To put simply- no. The notion that you can simply compensate for bad eating habits by running does not hold water, as eating the weight you lost exercising is surprisingly easy and people tend to overestimate how exerting their exercise actually was. Moreover, poor results might encourage a person to overindulge in exercise, as if working even harder will yield better results, risking actual harm to the body.
There is no magic trick to weight-loss. The best way to maintain a healthy lifestyle is to have sustainable healthy eating habits alongside regular physical activity.
4. What’s the Worst Thing People Consume?
Nutrition myths: soda
Surprisingly, the main weight-offender isn’t a food at all, but a drink. Sugar-sweetened sodas are among the unhealthiest things people regularly consume, with a 20 oz bottle of coke containing 16 teaspoons of sugar. For comparison’s sake, imagine dropping 16 teaspoons of sugar into your coffee tumbler. Rather extreme, no? 
This amount of added sugars is impossible to effectively burn, causes dramatic rises and drops in blood sugar levels and can affect insulin sensitivity in the body, ultimately causing type 2 diabetes.
All of this is on top of literally zero health benefits.
And if you think opting for sugarless “diet” soda options is any better, you’ve got another thing coming
5. What’s the Best Exercise to Lose Belly Fat?
Nutrition myths: belly fat
This question belies a serious misconception that where body fats are stored has to do with which parts of our body are underdeveloped or weak. This is born out of a rather strange idea that fat magically turns to muscle when people work out, or vice versa. That is not actually how weight-loss or muscle definition work.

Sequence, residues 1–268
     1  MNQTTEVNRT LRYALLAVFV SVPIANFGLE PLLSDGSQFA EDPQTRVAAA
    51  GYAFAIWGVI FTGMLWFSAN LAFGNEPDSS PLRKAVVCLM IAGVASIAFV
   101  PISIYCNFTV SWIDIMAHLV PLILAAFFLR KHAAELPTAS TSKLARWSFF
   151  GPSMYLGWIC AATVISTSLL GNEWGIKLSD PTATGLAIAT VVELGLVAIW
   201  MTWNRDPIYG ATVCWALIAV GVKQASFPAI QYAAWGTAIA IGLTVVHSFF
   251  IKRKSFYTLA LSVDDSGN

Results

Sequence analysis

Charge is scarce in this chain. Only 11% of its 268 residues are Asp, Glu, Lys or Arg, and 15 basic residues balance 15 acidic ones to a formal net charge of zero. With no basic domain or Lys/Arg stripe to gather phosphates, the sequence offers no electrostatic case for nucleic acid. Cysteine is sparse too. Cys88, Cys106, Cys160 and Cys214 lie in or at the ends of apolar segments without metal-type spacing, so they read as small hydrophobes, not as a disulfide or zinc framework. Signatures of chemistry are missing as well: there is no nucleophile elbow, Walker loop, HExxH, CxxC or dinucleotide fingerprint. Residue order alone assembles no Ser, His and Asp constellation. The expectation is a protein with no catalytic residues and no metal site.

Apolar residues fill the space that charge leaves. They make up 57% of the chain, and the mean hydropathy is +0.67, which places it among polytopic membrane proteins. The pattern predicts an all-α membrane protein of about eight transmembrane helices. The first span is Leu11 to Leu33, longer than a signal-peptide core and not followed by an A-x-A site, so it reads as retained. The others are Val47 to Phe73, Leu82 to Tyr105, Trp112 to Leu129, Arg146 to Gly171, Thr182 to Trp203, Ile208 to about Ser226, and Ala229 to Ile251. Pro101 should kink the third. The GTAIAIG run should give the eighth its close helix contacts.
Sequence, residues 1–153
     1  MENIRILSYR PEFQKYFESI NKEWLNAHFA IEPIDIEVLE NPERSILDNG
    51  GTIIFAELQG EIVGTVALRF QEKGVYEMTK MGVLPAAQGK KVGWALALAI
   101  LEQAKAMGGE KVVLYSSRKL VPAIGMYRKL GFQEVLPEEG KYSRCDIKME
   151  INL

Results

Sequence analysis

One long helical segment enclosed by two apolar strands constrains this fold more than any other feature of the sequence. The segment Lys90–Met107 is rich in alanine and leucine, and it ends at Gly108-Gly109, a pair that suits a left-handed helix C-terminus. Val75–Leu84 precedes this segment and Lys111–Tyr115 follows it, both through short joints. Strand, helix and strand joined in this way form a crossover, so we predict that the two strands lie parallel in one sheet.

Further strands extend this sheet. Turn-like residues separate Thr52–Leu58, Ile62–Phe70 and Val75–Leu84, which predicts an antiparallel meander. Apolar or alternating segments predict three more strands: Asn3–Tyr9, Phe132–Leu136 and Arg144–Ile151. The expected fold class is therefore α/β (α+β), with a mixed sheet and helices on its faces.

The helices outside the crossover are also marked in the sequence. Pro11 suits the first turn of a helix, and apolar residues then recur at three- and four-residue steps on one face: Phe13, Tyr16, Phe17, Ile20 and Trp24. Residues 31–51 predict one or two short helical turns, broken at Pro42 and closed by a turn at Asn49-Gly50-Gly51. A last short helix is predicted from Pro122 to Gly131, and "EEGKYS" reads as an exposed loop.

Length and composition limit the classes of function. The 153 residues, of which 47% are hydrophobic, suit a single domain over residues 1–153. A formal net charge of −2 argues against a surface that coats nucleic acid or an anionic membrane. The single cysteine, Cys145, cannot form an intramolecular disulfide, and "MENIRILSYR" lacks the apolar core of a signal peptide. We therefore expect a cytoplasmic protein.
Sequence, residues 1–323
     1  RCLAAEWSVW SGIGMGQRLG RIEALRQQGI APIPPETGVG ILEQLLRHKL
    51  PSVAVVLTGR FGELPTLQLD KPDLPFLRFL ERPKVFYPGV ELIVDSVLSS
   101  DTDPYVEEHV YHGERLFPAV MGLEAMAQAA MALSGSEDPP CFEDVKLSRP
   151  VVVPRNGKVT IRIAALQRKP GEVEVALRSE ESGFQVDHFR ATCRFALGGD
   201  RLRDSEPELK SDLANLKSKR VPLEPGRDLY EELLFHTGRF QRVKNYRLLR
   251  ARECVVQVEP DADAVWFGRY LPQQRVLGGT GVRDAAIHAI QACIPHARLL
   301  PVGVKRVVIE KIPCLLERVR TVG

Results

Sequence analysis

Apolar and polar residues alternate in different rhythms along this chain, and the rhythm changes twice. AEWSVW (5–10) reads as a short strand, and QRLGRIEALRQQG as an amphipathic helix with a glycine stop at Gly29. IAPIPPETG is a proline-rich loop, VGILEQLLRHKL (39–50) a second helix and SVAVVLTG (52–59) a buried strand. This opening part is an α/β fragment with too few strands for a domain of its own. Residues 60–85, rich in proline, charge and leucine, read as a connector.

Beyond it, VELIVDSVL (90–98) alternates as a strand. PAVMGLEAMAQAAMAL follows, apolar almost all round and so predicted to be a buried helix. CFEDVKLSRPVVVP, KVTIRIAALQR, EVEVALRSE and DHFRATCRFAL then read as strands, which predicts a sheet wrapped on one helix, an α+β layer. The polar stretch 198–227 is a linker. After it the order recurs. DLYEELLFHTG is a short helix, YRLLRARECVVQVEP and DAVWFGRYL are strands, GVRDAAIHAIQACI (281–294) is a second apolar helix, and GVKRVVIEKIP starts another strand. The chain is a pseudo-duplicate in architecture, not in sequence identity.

For all of the people focusing on sit-ups, planking and belly crunches out of some hope that this will make their stomach flat, it is quite possible and common for a person to have strong abdominal muscles AND a protruding gut.
The way the body stores fat boils down mostly to genetics and gender and has nothing to do with strength. Conversely, any activity that burns fat will burn it no matter where it is stored. 
6. What Should Be My Caloric Intake if I Want to Lose Weight?
Nutrition myths: calories
There is no universal formula that works for everyone with regards to how many calories you should be consuming in a day. Reducing caloric intake too dramatically will doubtlessly yield results, but it will also have a poor effect on your psychology, constant craving and an eventual relapse.
By accounting for age, gender, current weight and height, you can come up with a general idea of a recommended daily calorie intake, but different bodies function differently, and you can never come up with a magic number by using formulas.